Tom Wolfe said the most interesting thing about Cohn was that he was that rarest of child prodigies: a litigator prodigy. E.g., he prosecuted the Rosenbergs when he was only 23.

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Cohn had more gay mannerisms around his mouth (what Italian grandmothers call "the gay face") than Vidal did:

It's your imagination, Steve.

Cohn's voice isn't notably sibilant and you wouldn't notice anything if you did not know his was a homosexual. Vidal, like Buckley, had a mid-Atlantic boarding school accent of a sort that was rare enough in his cohort that it sounds affected. (I've known women from those cohorts with that sort of accent, never men; one of them told a story on herself of a country club waiter who picked out the precise school she'd attended based on how she'd pronounced a particular word).

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That Cohn was in such deep denial of being gay by the current meaning of the term may or may not be surprising.

Cohen was flagrant. In the words of Sidney Zion, 'he lived in a neon closet'. He simply did not wish to make an explicit public point of it because he had other priorities. It's testament to how inane is contemporary discussion of this subject that a comment as stupid as yours gets uttered.

Like Liberace, Cohn was vehement in denying he was gay, regardless of how flagrantly gay we consider them now. Though not quite as absurd as Liberace who used a 'watermelon diet' explanation when dying of AIDs, according to wikipedia, Cohn maintained he was dying of liver cancer.

Death
In 1984, Cohn was diagnosed with AIDS and attempted to keep his condition secret while receiving experimental drug treatment. He participated in clinical trials of AZT, a drug initially synthesized to treat cancer but later developed as the first anti-HIV agent for AIDS patients. He insisted to his dying day that his disease was liver cancer. He died on August 2, 1986, in Bethesda, Maryland, of complications from AIDS, at the age of 59. At death, the IRS seized almost everything he had. One of the things that the IRS didn't seize was a pair of diamond cuff links, given to him by client and friend, Donald Trump. The diamond cuff links were later declared to be fake by an appraiser. According to Roger Stone, Cohn's "absolute goal was to die completely broke and owing millions to the IRS. He succeeded in that." He was buried in Union Field Cemetery in Queens, New York.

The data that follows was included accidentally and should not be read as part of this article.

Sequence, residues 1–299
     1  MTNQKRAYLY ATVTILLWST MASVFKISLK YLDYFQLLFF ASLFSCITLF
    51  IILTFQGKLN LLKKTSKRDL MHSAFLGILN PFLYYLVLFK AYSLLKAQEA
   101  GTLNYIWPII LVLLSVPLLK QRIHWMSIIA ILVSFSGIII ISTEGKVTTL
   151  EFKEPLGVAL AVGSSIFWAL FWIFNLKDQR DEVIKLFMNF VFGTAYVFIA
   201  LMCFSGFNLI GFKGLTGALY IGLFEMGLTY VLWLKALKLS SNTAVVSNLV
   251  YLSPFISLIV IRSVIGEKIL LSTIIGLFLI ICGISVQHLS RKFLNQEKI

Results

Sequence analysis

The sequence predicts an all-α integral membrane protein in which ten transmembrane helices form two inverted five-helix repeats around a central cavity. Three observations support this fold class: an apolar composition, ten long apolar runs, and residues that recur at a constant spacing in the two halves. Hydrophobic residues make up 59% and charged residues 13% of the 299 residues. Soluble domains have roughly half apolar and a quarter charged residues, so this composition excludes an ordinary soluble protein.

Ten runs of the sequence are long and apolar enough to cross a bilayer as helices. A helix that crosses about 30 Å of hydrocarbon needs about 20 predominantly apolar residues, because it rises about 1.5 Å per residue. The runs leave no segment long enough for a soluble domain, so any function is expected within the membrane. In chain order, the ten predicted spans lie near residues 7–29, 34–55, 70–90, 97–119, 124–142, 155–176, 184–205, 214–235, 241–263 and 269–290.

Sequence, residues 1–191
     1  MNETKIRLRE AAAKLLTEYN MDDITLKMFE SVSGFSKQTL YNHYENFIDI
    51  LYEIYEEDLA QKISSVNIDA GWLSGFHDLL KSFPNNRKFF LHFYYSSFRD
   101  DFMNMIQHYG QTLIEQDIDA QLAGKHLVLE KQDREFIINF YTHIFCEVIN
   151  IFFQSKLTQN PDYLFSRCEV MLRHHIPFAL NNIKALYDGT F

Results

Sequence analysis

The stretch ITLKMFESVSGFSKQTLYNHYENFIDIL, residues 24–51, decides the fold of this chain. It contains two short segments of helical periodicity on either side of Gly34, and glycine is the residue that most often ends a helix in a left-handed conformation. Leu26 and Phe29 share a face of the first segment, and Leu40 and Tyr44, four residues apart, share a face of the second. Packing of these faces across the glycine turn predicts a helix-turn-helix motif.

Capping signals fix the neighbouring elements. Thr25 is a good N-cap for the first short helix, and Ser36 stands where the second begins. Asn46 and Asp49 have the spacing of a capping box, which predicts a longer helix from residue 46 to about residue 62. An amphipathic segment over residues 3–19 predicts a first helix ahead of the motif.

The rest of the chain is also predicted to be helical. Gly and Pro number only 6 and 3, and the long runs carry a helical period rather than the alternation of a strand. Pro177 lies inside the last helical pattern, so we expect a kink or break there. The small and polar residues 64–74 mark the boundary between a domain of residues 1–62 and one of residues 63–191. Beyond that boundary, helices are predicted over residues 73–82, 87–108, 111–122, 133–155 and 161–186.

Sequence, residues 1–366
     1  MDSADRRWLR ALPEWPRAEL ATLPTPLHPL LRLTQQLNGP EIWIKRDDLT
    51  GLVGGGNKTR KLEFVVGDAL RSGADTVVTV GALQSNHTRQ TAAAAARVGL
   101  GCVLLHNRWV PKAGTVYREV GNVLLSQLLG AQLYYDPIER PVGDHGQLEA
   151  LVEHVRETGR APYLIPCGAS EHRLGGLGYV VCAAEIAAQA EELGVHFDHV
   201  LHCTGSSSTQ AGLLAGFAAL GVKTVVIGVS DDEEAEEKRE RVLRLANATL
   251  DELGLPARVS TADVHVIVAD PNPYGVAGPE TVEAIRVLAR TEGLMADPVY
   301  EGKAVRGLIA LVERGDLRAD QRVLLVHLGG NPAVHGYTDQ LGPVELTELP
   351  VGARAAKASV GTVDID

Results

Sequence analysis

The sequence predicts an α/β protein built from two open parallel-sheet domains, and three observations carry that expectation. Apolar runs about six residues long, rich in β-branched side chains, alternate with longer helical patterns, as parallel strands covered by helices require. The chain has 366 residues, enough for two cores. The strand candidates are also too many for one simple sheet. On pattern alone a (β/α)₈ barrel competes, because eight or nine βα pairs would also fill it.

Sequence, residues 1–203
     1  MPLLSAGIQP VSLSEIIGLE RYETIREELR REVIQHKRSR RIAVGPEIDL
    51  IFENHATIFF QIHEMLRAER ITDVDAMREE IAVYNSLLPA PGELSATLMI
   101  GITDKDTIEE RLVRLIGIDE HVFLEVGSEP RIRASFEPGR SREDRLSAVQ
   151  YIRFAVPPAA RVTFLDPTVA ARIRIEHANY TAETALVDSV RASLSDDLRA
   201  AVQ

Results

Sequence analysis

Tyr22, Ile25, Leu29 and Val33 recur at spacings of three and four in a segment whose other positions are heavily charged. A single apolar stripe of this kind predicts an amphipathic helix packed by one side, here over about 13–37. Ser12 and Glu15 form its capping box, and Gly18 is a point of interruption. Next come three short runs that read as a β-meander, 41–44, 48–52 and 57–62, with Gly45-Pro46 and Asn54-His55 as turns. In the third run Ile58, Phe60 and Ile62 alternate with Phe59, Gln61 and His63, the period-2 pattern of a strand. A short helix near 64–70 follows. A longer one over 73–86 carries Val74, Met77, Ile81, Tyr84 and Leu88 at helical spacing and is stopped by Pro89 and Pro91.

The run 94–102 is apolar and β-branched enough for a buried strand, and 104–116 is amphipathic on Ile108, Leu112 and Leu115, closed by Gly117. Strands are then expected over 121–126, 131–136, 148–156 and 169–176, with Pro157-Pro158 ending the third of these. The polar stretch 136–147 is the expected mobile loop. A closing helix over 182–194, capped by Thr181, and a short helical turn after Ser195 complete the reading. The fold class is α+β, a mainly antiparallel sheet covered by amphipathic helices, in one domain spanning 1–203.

Like Liberace, Cohn was vehement in denying he was gay, regardless of how flagrantly gay we consider them now. T

To whom and when? Cohen wasn't a man in the papers every other day and reporters did not, ca. 1979, stick a microphone in the face of public figures and ask questions like that. That he did not publish his medical records is perfectly normal. Not everyone's an exhibitionist and there was still a critical mass of people in 1986 who had neuralgic reactions to learning that someone proximate to them had AIDS because they persisted in thinking it was readily communicable.

The term 'denial' is a go to favored by condescending twits who fancy they know the inside of someone's head better than the subject himself.

Some people practice denial to such an extent they condescendingly deny that it even exists.

Another one of those silly & weak passive aggressive attacks by prior. Furthermore, a weird passive aggressive attack on somebody (Roy Cohn) not mentioned in the original post and thus from out of the blue. What is the connection between the two?

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Hence the rainbow flags flying outside corporate headquarters and the corporate sponsored gay pride floats. In a world where the consumuer is becoming ever more important and the old values and institutions are dieing out, the people who spend the most money (women, gays, urbanites, etc.) will dictate the future direction of this consumer driven culture. Just follow the money.

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Is that a Roger Stone quote? Because it’s almost verbatim Cohan’s self-description as written by Tony Kushner in Angels in America:

“ Homosexuals are not men who sleep with other men. Homosexuals are men who in fifteen years of trying cannot get a pissant antidiscrimination bill through City Council. Homosexuals are men who know nobody and who nobody knows. Who have zero clout.”